Hi, my name is Judith and I am a “bridal dress show watching” – aholic.
They say the first step is admitting you have a problem, but this really is embarrassing.
First let me clarify that I am not planning a wedding or yearning to be a bride. After 13 years, Simon and I consider ourselves “married” for all intents and purposes. We even had a pseudo-wedding lunch to celebrate our 10 year anniversary, where we invited our closest family and friends, and whilst there were flowers and a cake, there was no dress, veil or rings.
I am proudly missing the bride-gene but am drawn to and fascinated by these shows (Say Yes to the Dress, I Found the Gown and the truly scary Brides of Beverly Hills). Here seemingly sensible women try on near identical and sometimes downright hideous frocks in front of their friends and family, and choose one that most makes them feel “like a bride”.
Part of the attraction is the fun of finding out there really are people in this world who want to look like Disney princesses, fairies, carnival queens and even pirates on their wedding day. There is also the family drama of controlling mothers, over-protective fathers and jealous siblings. But I think my real fascination is seeing how people approach making decisions and finding happiness.
All these types of shows (be it choosing dresses, houses or even life partners) demonstrate time and time again that happiness is not about how much money you have or how many choices in front of you, it’s about your own attitude.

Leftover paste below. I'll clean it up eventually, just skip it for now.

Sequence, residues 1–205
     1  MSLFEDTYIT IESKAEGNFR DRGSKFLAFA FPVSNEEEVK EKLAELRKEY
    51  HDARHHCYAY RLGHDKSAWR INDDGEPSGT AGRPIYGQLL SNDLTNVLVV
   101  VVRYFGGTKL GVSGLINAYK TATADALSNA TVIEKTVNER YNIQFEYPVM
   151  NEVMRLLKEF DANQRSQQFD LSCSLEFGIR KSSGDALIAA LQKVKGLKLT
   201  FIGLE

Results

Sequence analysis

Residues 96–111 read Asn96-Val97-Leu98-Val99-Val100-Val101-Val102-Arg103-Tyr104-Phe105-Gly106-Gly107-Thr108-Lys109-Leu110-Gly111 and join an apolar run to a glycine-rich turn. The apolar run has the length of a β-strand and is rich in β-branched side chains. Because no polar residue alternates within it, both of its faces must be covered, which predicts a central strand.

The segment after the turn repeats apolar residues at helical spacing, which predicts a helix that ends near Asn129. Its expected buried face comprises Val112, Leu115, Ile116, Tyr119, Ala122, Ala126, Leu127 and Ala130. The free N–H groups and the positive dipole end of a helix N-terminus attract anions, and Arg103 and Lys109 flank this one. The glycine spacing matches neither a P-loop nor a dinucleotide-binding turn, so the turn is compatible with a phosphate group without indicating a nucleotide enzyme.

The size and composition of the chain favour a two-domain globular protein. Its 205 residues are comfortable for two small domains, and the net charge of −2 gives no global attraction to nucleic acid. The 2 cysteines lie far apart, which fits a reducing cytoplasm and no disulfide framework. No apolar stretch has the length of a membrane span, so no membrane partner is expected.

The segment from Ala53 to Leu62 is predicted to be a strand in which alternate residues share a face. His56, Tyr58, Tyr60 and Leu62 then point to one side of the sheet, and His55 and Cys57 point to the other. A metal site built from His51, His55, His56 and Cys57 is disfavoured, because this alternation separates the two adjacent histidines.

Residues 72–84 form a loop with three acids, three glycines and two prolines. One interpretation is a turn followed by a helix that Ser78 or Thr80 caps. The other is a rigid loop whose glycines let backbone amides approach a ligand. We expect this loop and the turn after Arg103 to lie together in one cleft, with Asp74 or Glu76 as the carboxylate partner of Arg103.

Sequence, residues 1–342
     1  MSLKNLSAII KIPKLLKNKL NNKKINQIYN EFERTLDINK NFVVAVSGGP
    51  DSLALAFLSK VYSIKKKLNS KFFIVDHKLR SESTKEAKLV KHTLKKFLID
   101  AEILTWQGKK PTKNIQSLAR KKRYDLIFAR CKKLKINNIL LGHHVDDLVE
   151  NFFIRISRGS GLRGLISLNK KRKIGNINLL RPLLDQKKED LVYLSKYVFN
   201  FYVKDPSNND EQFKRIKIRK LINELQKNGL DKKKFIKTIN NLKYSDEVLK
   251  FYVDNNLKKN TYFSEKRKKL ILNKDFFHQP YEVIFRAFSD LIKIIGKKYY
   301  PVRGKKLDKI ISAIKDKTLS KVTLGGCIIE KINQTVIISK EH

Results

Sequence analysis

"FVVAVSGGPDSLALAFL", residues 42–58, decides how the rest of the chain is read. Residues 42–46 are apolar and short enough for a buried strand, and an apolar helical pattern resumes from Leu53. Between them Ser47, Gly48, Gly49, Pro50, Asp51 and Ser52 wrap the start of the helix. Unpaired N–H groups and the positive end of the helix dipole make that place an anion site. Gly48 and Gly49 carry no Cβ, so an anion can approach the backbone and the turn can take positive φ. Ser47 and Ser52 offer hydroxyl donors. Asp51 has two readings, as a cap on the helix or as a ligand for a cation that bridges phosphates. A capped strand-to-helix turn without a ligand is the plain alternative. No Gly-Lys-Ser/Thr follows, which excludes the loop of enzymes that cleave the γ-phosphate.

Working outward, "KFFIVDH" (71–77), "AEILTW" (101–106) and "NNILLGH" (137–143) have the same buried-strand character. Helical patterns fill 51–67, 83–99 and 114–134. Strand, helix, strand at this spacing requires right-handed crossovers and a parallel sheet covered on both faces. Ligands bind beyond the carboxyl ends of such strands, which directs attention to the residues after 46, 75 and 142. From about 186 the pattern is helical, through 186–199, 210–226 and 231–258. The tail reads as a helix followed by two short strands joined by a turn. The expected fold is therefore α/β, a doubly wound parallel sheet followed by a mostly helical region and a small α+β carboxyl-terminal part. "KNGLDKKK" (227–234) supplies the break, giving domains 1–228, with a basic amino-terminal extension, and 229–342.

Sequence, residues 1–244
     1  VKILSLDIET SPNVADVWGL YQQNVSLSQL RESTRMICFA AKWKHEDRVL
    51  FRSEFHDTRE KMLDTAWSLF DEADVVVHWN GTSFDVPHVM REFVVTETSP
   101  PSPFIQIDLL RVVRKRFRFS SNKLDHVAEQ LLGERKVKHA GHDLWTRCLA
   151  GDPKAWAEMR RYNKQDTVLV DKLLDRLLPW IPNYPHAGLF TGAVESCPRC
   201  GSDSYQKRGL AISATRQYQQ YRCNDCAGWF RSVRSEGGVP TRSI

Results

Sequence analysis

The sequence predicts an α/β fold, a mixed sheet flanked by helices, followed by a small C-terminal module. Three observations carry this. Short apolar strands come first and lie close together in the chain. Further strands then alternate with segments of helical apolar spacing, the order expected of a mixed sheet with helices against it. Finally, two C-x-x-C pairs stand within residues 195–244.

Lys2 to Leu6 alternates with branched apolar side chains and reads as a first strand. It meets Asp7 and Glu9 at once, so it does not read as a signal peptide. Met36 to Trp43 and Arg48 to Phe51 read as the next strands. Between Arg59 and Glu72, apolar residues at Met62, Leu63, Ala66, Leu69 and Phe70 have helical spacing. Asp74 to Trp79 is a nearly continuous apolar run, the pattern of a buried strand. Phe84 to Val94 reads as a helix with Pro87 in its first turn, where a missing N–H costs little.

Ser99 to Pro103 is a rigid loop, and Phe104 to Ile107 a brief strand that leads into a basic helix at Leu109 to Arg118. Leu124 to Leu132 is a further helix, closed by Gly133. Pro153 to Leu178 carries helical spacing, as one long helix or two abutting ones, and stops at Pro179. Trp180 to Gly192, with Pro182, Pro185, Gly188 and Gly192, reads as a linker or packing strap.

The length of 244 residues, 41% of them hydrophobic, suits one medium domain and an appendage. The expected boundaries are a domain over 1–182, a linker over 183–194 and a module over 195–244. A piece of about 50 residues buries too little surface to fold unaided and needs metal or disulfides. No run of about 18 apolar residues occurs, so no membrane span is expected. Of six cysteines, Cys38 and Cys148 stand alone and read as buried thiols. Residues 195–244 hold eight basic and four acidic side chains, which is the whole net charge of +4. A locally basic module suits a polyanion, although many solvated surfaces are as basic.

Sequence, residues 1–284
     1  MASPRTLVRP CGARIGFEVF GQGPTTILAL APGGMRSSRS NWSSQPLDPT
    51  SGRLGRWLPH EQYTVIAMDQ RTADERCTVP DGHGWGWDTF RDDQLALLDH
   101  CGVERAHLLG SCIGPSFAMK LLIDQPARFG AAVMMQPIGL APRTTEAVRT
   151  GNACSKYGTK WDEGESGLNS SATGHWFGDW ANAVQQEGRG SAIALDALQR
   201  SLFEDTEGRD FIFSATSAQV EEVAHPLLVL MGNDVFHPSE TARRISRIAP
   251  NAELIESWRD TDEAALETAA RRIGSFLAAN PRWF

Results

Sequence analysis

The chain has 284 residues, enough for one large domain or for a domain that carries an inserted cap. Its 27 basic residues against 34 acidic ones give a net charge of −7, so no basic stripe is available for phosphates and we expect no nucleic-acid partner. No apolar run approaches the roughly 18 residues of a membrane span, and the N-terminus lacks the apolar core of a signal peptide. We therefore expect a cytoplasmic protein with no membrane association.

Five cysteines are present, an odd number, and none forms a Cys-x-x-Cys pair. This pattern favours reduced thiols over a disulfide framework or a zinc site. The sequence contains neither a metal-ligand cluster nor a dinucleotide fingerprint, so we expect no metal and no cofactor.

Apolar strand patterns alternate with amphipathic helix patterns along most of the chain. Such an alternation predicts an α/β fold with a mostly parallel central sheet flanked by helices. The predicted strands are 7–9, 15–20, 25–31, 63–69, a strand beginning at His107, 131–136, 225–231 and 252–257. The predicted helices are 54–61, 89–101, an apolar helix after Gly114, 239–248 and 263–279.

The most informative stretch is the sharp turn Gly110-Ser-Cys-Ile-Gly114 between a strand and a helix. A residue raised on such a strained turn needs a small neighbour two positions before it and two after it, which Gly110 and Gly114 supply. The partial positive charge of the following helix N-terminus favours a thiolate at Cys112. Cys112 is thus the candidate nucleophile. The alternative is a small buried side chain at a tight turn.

What I have noticed is that the women who seem to get the most joy and satisfaction from the experience of bridal dress shopping are the ones who have realistic expectations and an ability to accept themselves and the world as it is. They come in with an idea of what they want, try on no more than three options, take the advice of the experts and listen respectfully to the comments of friends and family. They pick a dress within their budget, which makes them feel great and is suitable to their needs. They allow themselves to be surprised, are clear in saying “No” to what they don’t want and seem to simply be open to being happy.
The ones that stress and suffer through the process of choosing a dress have usually dragged a crowd of people to several stores, tried on dozens of frocks, are confused and overwhelmed by choice, and are obsessing over details such as “do my shoulders look weird”. They may have asked the opinion of people who want to control or belittle them, and then wonder why their choice is not supported. Some of them are paralysed by wanting to please everyone around them or stuck in an illusion that reality can never match.
These are the women that have taken on finding perfection in a not so perfect world and are willing to sacrifice their happiness and inner peace for something as ephemeral as a dress. They have fallen for the seduction of comparison shopping, wanting something that is beyond their current resources, or lost faith in their ability to make a decision.
It is OK to know what you want to and to take action to get it, but you will be happier if you can learn to accept the world as it is and that you can be satisfied with what is in front of you. That is not the same as just accepting or putting up with any old thing, but rather trusting that at any time you will have exactly the right options from which to choose.
The same can be said for finding greater inner and outer balance in your life. Think about it. How many of us desperately want more time in our life to take care of ourselves, spend with our families, study something new or just do something fun. Stop looking for perfection, stop comparison shopping and enjoy what is in front of you now. You might be surprised with what you find.
You may even find your inner princess!